Thai Cuisine, East meets West

- Words and photos by LANCE SEETO

Undoubtedl­y, one of the most popular cuisines worldwide is Thai. In many countries, Thai food has long reigned king over the perennial favorite of Cantonese chop suey and stir fry, but what makes dishes from this Southeast Asian nation so well loved globally? It’s easy to say that Thai food is popular because it’s just so amazingly tasty, but there’s more to this cuisine than meets the eye. Thai cuisine is a simple, yet clever combinatio­n of Eastern and Western influences harmonious­ly combined into a unique tropical Asian gastronomy that appeals to a broad palate. The combinatio­n of sour, sweet, salty, bitter and spicy flavours work together to make each dish come alive. Thai food varies in spice and heat depending upon the region of Thailand from which the dish originates, but for those of us looking for exotic delights that appeal to our penchant for Asian flavours, Thai cuisine offers a wondrous new experience.


Whilst we share many common ingredient­s with Thailand including coconut, lemongrass, citrus fruit and plantains, our foods are very different. Thailand had many external culinary influences over the course of its history compared to Fiji, that pushed the boundaries of food developmen­t. The ancient cuisine, culture, and religion is heavily influenced by Arabian and Persian elements but it was Chinese settlers between the sixth and thirteenth centuries that had the biggest influence on the future of Thai cuisine. Bringing their knowledge of spices and herbs from the southern Chinese region helps explains the numerous similariti­es between Chinese and Thai food. The country endured invading forces of the Portuguese, Dutch, French and Japanese from the seventeent­h century, and much later; the European colonial powers threatened her in the nineteenth and early twentieth centuries. However Thailand survived as the only Southeast Asian state to avoid European colonial rule because the French and the British decided it would be a neutral territory in order to avoid conflicts between their colonies. Foreign trade was also heavily influentia­l in the flavour profiles of Thai cuisine. The Portuguese, who brought numerous sweet flavours and red chilli, and Indian curry brought by Buddhist monks, were

among the items that were part of foreign trade. Some of the Indian influence remains in dishes, such as yellow curry and Massaman curry. Even today, there is transforma­tion and evolution happening in Thai cuisine, driven in part by tourism, celebrity chefs and the pressure of winning the coveted Michelin star.


Historical­ly, seafood, plants and herbs were the most popular ingredient­s in most Thai family meals; essentiall­y a pescetaria­n diet. Large quantities of meat were mostly avoided, thanks in part to the Buddhist history of Thailand, and instead strips of meat were flavoured with herbs and spices, or meat was cooked or roasted and then shredded. Thus much of Thai food is generally balanced with more vegetables, leaves and herbs than meat. Traditiona­l Thai cooking involved stewing, baking or grilling, however with the arrival of the Chinese, faster techniques of frying, stir-frying and deep-frying of food became more popular. To this day, pad thai (fried noodles) and khao pad (fried rice) remain classic Thai dishes. Thais are well known for their commitment and resourcefu­lness and even in cookery they were adept at replacing ingredient­s in recipes they gleaned from foreigners. Ghee, for example, is used in Indian cooking but replaced by coconut oil and coconut milk. And it might be hard to believe, but Thai food used to be a lot more spicy than it is now. Over the centuries it was toned down, with fewer and less spices used, while the use of fresh herbs and aromatics, such as lemon grass and galangal, increased.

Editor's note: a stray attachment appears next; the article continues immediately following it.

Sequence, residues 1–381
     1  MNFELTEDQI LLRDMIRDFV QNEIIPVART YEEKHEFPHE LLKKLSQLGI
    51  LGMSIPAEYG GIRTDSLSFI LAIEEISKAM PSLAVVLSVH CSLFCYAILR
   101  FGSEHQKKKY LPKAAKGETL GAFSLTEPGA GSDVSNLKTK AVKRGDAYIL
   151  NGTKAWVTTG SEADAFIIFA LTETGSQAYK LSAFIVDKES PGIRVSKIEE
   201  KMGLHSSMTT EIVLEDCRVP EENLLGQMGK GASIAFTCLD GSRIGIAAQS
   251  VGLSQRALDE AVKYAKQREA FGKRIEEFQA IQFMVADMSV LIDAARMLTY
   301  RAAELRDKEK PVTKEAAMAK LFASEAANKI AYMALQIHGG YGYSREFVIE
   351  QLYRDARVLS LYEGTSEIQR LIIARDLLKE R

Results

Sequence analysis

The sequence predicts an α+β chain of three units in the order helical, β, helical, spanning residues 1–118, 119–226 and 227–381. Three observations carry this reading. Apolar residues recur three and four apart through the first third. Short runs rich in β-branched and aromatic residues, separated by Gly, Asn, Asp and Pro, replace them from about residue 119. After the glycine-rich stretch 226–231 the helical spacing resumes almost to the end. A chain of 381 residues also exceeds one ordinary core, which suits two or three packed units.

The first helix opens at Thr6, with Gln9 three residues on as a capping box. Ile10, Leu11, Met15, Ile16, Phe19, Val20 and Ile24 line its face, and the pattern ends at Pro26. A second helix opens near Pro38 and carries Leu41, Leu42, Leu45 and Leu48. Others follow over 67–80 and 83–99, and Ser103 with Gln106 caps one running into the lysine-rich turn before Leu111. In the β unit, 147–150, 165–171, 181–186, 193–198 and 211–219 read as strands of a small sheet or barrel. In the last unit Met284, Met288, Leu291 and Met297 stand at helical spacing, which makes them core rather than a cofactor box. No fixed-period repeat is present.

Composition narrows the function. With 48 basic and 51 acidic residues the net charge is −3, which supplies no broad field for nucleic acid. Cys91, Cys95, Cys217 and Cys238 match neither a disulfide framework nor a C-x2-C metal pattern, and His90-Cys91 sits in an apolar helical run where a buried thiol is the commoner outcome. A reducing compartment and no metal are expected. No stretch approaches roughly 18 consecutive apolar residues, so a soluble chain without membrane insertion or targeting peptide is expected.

Food in Thailand is one of the most unique cuisines in

Southeast Asia because of its history and meld of east and west cultures, but it is also one of the most well-known and demanded cuisines in the world, with the notable exception of the South Pacific. Maybe it is too hot and spicy for our palate, or maybe we just haven’t had enough exposure to Thai cuisine, but the choice to experience authentic Thai food is very limited in Fiji compared to Chinese cuisine. This is because during the nineteenth and twentieth centuries, Chinese migrants commonly boarded British ships out of the old Shanghai and Canton ports in search of a better life or adventure in far distant colonies. That is how Cantonese cuisine spread so rapidly across the world, and especially to the Pacific islands, as Chinese cooks introduced dishes such as chilli chicken, short soup and chop suey. On the other hand, Thai migrants had little opportunit­y to travel to these parts. Although it is different from Indian and Chinese cuisine, Thai food has evolved to be highly nutritious and medicinal as many Thai dishes are made with fresh herbs and nutrientde­nse ingredient­s. Being hot and spicy is among Thai cuisine’s signature traits, but just as the Indian indentured labourers adapted their Motherland recipes with less heat when they came to Fiji, we could see a subtler version of Thai cuisine evolve to suit our Pacific Island tastes in the near future.